Clayton Schools to buy 38,000 laptops to boost online learning access

Clayton Schools plans to lease 38,000 Chromebooks to boost access to digital and virtual learning in the 2020-2021 academic school year. PHOTO: LEON STAFFORD/AJC
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Clayton Schools plans to lease 38,000 Chromebooks to boost access to digital and virtual learning in the 2020-2021 academic school year. PHOTO: LEON STAFFORD/AJC

Clayton County Schools is fast-tracking a plan to get laptops in the hands of every student after the shutdown of schools because of the coronavirus revealed a wide gap in access to tools for online learning.

The Clayton Board of Education on Monday gave school leaders permission to lease 38,000 Chromebooks for student use in September.

The district previously hoped to acquire the laptops over four years with proceeds from the county's education Special Purpose Local Option Sales Tax (SPLOST).

School leaders said it was critical to acquire the laptops now to bridge gaps that became apparent in student access when Clayton switched to virtual classrooms in late March. The district also hopes to buy Wi-Fi hotspots to help the 5,000 or so students who lack internet connections access online classes.

“Digital equity is the biggest obstacle to online learning,” said Rod Smith, the school system’s technology director. “This can no longer be our reality.”

Experts said the issue is being felt across the nation. Hundreds of thousands of students could not continue their education when classes went online because they could not afford a computer. Others could not connect to the internet because the free Wi-Fi they may used in the past at libraries or coffee shops were closed and their computer networks shuttered.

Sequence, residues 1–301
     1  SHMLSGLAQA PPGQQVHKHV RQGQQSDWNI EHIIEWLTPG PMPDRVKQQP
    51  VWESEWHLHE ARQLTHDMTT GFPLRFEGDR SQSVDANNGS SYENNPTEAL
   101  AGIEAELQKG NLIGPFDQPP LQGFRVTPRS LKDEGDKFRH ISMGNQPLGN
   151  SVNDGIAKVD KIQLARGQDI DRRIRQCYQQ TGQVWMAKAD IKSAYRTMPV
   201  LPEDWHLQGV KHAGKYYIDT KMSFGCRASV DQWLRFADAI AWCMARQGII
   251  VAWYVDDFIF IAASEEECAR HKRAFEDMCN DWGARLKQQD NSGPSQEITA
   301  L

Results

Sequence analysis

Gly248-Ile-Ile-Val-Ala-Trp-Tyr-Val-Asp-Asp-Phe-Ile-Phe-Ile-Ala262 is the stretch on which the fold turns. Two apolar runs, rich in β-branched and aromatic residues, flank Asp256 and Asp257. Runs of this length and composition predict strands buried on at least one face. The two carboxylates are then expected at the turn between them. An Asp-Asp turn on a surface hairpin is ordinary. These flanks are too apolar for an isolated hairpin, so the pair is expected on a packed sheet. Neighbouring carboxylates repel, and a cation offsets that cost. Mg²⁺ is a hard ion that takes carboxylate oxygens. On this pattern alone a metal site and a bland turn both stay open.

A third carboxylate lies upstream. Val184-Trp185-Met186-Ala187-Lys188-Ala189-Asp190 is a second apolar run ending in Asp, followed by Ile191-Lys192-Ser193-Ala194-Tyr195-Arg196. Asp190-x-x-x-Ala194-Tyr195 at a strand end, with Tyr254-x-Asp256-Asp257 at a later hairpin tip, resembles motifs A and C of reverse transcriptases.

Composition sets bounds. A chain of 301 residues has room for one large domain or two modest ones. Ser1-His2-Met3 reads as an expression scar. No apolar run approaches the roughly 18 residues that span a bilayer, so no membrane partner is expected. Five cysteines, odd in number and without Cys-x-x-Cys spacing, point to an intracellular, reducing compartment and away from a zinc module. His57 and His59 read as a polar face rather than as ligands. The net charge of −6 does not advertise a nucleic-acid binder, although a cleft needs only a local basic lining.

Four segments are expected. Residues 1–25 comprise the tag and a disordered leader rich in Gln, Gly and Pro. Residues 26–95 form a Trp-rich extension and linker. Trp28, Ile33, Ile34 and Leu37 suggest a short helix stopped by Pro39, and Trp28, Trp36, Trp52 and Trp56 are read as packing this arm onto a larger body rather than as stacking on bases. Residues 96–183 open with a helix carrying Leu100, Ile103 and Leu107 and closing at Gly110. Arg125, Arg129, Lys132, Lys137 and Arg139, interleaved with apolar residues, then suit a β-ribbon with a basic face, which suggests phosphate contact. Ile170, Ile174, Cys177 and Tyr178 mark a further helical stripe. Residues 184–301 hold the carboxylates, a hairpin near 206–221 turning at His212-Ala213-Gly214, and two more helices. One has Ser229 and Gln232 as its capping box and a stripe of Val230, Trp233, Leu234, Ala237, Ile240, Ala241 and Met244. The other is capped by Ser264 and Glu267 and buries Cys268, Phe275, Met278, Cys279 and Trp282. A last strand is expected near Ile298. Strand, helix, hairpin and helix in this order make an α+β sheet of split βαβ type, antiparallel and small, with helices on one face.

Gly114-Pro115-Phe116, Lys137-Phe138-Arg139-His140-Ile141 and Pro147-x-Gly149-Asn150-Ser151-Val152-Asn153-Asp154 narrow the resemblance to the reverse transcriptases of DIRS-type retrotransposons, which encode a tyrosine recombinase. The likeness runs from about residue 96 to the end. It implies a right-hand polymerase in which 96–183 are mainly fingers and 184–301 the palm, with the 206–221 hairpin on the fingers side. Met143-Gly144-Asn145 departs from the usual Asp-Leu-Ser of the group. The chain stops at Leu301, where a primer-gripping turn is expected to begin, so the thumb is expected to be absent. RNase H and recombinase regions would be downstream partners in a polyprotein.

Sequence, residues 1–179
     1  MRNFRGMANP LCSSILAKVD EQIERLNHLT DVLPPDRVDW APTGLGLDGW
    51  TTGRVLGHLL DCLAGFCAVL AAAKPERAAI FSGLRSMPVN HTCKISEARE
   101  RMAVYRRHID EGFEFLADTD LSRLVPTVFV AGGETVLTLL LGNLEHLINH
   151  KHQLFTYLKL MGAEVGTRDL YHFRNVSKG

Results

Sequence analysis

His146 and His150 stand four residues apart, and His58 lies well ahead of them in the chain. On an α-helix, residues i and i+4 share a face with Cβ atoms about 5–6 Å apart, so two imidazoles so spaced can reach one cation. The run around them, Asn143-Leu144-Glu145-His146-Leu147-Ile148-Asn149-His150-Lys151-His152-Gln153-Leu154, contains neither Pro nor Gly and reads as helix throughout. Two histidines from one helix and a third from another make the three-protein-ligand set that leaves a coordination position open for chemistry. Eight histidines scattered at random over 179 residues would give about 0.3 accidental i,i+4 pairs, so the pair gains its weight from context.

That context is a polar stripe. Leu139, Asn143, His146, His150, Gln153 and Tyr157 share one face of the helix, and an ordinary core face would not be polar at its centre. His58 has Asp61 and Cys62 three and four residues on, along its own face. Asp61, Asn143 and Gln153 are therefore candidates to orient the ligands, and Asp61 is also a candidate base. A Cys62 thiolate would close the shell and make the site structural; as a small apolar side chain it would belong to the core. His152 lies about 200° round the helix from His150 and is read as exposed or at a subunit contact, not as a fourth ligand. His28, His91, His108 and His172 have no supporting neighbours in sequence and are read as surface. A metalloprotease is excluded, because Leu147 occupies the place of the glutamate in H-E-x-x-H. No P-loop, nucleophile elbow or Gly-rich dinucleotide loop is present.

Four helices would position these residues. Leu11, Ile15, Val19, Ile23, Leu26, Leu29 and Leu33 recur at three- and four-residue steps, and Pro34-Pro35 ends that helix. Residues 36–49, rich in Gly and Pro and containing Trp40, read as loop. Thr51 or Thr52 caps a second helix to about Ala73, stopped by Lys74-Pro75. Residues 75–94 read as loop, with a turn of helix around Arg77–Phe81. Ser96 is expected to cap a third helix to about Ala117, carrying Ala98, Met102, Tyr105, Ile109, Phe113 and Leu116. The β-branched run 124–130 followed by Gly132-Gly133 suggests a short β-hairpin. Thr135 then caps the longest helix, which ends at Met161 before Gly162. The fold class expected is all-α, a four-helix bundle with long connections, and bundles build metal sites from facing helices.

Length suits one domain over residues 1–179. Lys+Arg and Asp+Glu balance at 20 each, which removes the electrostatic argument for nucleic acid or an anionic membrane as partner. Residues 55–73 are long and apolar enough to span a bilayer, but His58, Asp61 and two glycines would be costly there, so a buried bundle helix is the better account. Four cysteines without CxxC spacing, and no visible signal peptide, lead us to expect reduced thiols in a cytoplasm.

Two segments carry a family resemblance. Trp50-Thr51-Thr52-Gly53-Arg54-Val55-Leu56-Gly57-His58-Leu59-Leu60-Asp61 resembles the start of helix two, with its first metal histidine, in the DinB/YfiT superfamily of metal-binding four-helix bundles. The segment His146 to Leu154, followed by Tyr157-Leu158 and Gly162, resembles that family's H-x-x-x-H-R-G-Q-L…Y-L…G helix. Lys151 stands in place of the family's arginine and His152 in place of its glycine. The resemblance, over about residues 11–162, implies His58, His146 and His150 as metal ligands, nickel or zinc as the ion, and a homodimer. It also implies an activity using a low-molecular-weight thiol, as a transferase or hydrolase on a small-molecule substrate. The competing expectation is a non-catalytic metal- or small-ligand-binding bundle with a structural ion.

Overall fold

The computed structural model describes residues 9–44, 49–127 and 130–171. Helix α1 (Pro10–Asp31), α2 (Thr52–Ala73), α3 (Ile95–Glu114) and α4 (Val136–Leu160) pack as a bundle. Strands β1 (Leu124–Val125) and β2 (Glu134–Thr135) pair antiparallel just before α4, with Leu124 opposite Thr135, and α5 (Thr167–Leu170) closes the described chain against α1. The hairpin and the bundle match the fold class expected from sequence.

“It’s more of a challenge than we realize,” said Dennis Attick, a Clayton State University assistant professor of teacher education. “We have an assumption that kids are online anyway so we think, ‘Let’s just move classes online.’ And because that is embedded in our brains, we don’t think about those who don’t have access.”

Rashawn Ray, a governance studies expert at the Brookings Institute, said further complicating matters are structural issues of poverty and lack to access to standard school materials in majority minority communities. If it is assumed everyone has a computer and access to the internet, failing to connect for coursework can be misinterpreted as skipping class.

“This discussion is important because it’s not about truancy, it’s about resources,” he said.

Clayton said the laptops will be given to students in grades three through 12 to take home on a daily basis. Students in kindergarten through second grade will have access to the laptops during the school day, but can only take them home when school is closed down for extraordinary events such as a pandemic.

The district did not provide a price tag for the computers, but said they money could come from the $17 million Clayton Schools received in Coronavirus Aid, Relief and Economic Security (CARES) Act stimulus funds; a $2.3 million Georgia Department of Education digital learning grant and a $125,000 donation to the Clayton County Public Schools Foundation from the United Way of Greater Atlanta.

Smith said the district does not expect to have the computers until September because disruptions to the national supply chain brought on by the shutdown of business over the last few months. NPD Group, a national consumer research firm, reported last month that sales of laptop computers were up 24%.

“There are lots of school districts trying to do the same thing that we’re doing, Smith said. “Most of your Chromebook and PC providers are struggling with that supply chain.”

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